YouTube’s new ‘respectful comments’ feature won’t work because it can be ignored

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YouTube, like many other online platforms of late, is looking at ways to make its community a better place to be in and interact with. The latest attempt at this is a new feature aimed at notifying users when they are making a comment. This respectful comments feature, however, can also easily be ignored.

“Today we’re introducing a new reminder in comments to help encourage respectful interactions,” wrote YouTube in a recent community post.

“Now on Android, the reminder may pop up before posting a comment that may be offensive to others, giving the commenter the option to reflect before posting. From the reminder, the commenter can move forward with posting the comment as is, or take a few extra moments to edit the comment before posting it,” the post adds.


As Engadget points out, this new feature is similar to the one that Instagram recently implemented, which too aimed to notify users that whatever comment they were about to post, may be deemed as hateful or disrespectful.

While it is indeed commendable that YouTube wants to tackle this issue, our inner cynic can’t help but feel that the notifications can very easily be ignored, especially as comments can simply be posted as is.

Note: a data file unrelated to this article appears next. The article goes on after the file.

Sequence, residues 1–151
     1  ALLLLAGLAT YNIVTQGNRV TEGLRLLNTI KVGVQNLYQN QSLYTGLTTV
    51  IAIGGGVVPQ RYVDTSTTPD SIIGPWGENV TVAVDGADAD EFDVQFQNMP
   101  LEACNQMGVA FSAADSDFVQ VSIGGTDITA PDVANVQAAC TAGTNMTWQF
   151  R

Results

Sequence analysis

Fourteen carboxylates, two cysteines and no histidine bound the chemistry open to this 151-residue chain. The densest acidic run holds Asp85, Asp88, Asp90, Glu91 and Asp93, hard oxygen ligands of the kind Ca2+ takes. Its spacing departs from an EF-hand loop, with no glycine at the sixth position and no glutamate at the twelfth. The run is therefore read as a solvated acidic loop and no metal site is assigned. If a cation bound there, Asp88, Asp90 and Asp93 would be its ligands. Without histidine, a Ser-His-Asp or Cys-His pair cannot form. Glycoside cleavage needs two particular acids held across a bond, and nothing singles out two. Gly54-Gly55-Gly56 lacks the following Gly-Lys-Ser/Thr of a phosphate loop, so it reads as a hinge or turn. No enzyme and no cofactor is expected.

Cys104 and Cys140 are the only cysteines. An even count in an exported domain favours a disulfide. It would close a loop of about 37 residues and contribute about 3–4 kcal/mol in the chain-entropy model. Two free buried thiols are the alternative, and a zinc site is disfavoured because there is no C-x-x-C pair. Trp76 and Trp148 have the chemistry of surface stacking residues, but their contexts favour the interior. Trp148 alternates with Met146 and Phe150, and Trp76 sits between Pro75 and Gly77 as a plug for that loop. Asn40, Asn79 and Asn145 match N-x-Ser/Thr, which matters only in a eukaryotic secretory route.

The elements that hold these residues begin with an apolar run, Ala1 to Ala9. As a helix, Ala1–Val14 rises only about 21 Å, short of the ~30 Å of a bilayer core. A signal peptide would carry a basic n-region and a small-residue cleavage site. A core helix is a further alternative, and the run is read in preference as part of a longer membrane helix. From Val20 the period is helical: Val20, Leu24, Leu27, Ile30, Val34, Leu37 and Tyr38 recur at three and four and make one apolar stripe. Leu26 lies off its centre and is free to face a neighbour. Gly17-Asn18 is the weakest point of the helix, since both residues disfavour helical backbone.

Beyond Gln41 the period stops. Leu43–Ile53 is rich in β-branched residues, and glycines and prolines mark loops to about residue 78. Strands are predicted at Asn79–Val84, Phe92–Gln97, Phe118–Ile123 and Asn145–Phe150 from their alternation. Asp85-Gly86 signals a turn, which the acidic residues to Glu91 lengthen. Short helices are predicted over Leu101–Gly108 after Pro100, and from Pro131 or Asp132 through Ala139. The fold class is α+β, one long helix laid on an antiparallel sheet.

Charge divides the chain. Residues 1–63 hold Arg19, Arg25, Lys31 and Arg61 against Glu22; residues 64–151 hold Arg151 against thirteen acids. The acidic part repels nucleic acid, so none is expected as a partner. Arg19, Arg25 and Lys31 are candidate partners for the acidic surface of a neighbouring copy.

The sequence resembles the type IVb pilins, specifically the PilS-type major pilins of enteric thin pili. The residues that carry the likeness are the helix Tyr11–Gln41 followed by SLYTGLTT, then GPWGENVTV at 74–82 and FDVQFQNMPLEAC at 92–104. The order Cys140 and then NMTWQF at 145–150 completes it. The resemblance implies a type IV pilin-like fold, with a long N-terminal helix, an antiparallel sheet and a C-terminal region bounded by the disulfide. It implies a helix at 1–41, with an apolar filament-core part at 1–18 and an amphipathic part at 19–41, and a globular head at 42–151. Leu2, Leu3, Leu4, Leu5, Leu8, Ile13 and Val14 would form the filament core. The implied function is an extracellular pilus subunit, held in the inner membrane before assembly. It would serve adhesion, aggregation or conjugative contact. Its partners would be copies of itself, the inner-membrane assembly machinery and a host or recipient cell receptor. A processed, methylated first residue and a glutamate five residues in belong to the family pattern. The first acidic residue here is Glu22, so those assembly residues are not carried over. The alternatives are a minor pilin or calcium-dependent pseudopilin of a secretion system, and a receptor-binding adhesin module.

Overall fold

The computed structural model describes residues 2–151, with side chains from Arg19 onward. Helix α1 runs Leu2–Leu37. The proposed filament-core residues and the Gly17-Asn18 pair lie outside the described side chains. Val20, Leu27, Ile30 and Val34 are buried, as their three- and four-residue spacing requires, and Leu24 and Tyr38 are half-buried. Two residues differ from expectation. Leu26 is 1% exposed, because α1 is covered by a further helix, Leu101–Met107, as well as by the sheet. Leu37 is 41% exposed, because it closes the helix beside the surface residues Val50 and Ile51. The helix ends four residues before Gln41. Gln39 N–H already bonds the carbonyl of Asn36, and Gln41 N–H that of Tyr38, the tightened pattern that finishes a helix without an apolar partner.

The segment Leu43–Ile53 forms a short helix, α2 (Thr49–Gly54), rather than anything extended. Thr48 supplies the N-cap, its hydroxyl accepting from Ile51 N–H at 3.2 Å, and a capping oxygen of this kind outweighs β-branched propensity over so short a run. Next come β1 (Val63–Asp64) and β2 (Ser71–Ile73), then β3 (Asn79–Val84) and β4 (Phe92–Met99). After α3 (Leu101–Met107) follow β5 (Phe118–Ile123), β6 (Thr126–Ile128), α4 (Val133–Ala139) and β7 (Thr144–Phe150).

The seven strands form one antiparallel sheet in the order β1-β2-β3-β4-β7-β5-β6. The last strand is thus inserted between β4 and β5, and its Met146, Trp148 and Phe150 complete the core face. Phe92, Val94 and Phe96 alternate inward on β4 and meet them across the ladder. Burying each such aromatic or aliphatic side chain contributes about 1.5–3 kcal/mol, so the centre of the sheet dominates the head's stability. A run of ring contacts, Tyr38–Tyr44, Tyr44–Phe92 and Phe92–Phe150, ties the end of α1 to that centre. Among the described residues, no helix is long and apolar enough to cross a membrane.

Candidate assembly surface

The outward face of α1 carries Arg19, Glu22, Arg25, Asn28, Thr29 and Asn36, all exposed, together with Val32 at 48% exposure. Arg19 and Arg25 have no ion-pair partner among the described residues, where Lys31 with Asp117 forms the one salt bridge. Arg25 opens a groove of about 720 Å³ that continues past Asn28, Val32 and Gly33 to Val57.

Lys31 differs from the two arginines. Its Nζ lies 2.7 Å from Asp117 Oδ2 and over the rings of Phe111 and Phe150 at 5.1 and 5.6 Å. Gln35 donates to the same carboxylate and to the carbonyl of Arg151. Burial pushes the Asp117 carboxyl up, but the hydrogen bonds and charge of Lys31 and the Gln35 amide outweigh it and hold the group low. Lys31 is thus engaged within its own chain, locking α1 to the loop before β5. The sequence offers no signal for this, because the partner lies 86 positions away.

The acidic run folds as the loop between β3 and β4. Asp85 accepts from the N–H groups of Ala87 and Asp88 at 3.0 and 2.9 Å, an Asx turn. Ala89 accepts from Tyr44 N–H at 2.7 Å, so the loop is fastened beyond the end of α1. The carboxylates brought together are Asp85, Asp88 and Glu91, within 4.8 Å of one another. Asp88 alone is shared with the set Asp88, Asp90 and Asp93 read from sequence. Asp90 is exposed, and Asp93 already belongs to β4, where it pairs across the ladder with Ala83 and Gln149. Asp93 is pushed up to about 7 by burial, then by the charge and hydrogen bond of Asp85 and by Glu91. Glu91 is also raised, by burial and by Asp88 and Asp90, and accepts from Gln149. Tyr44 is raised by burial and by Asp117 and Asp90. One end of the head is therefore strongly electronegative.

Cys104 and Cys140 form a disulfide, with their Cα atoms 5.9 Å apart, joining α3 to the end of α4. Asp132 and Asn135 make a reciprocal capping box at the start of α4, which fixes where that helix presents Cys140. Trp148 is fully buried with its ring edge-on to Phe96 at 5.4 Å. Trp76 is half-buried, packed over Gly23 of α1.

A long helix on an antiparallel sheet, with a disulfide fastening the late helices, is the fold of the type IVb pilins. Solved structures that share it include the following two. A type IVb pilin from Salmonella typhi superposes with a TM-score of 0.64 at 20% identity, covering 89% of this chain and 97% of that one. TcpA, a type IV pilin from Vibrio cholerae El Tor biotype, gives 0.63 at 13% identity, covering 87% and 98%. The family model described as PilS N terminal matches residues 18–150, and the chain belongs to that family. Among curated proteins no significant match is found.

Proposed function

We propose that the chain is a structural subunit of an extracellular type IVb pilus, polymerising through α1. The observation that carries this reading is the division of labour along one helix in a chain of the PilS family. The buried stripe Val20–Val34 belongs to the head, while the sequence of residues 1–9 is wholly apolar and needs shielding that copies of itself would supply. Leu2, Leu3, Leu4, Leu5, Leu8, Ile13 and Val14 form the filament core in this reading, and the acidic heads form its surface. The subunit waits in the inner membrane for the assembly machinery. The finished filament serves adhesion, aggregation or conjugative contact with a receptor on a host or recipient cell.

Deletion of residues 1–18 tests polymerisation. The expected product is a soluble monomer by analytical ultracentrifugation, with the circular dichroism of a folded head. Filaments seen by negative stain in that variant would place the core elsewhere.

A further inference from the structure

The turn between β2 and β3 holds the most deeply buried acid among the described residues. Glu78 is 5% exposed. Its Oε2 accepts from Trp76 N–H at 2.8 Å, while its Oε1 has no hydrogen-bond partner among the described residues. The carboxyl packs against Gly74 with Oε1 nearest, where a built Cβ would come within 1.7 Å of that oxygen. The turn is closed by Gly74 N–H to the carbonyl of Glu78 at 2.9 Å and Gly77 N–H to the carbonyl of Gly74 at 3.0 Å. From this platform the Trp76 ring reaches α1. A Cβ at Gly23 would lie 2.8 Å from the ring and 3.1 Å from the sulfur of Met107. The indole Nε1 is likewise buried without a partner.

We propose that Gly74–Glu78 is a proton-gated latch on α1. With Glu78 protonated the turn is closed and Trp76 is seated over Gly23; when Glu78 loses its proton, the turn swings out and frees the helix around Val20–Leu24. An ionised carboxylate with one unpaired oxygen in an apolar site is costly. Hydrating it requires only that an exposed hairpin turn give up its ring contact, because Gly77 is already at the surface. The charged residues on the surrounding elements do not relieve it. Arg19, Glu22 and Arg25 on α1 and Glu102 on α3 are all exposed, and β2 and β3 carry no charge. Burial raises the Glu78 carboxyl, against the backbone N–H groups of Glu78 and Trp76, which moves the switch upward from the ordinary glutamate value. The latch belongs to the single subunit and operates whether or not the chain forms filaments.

Added to this is that comments will be moderated by machine learning algorithms, which take time to learn and may not catch all disrespectful or potentially harmful comments.

That said, a comment can still be removed for infringing community guidelines if it is not flagged or a user does not receive a notification pop-up at the draft stage.

Either way, it seems like an imperfect system, not to mention the fact that the comments section in YouTube has proved a difficult area to moderate in the past.

How voices on the platform, particularly divisive ones, will react to the announcement remains to be seen. Regardless it will interesting to see what impact, if any, this new feature has on the amount of respectful comments get posted moving forward.

For now, only Android has this feature active, with no date noted on when it will roll out to other operating systems and platforms, but it is expected.

[Image – Photo by Christian Wiediger on Unsplash]

Robin-Leigh Chetty

Robin-Leigh Chetty

When he's not reviewing the latest smartphones, Robin-Leigh is writing about everything tech-related from IoT and smart cities, to 5G and cloud computing. He's also a keen photographer and dabbles in console games.